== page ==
As part of a plan to limit General Motors Co’s ties to former finance arm Ally Financial Inc. (the lender formerly known as GMAC Inc.), GM sold $1 billion of perpetual preferred stock in Ally.
A filing with the Securities and Exchange Commission revealed that Ally won’t receive any proceeds from the sale. GM was the owner of Ally up until 2006, when it sold a 51% stake to a group of investors led by Cerberus Capital Management LP for $7.4 billion.
Currently, U.S. taxpayers own 74% of Ally's common stock, a holding it took on when it was bailed out by the government during the financial crisis.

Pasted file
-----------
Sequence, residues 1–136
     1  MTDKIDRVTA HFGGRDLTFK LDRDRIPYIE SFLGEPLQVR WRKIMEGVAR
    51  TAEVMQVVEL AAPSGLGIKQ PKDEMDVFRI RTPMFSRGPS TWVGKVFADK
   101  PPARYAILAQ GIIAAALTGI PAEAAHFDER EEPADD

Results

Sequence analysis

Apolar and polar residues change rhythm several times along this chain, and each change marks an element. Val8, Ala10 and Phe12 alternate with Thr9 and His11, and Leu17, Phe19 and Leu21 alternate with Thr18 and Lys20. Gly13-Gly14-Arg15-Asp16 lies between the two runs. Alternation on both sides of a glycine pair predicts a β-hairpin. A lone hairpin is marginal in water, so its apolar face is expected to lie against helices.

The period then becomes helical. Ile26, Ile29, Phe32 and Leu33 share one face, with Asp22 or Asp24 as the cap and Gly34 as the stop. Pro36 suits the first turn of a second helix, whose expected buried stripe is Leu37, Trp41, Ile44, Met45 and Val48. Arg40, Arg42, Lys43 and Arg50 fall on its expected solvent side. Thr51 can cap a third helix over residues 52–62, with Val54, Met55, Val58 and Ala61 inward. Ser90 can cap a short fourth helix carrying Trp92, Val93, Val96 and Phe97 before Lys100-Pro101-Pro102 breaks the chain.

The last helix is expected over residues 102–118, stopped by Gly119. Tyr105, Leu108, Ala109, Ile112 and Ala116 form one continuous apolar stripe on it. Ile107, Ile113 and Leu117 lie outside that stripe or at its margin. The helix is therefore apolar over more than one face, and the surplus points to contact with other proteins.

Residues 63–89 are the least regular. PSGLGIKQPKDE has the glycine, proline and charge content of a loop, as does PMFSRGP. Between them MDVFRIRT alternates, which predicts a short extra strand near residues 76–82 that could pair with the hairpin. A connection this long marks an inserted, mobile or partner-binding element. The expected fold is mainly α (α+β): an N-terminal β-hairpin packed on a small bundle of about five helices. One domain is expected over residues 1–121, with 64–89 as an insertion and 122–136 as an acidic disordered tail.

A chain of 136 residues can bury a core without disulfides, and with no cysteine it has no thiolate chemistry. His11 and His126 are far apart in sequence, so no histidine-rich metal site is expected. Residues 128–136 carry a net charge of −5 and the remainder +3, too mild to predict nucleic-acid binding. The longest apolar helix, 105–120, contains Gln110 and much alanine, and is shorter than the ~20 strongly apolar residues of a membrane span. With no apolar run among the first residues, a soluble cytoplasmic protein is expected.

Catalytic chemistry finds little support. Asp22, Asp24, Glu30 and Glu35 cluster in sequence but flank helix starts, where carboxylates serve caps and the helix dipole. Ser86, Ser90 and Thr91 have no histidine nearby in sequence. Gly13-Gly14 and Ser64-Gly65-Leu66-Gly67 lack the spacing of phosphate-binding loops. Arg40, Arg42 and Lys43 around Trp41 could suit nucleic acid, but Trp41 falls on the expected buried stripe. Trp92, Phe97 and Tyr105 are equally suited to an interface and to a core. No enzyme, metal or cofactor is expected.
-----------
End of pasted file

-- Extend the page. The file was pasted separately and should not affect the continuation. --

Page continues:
In a statement, Chris Liddell, GM vice chairman and CFO, said that the company is taking a further step in its strategy to “strengthen and simplify the company’s balance sheet.” GM said that the transaction will result in a book gain of $0.3 billion to appear in the first quarter of 2011.
After this sale, GM’s investment in Ally Financial will consist of a 9.9% interest in Ally common stock. Mirko Mikelic, a Grand Rapids, Michigan-based money manager at Fifth Third Asset Management, said that the sale is a continuation of the process of gradually stepping away from the government and GM.
He added that they aim to “continue to expand without oversight." Data compiled by Bloomberg indicate that the U.S. Treasury Department sold $2.67 billion of Ally's trust preferred securities on March 2. This offering was able to recover a portion of the $17.2 million that the government released to save the company starting in December 2008.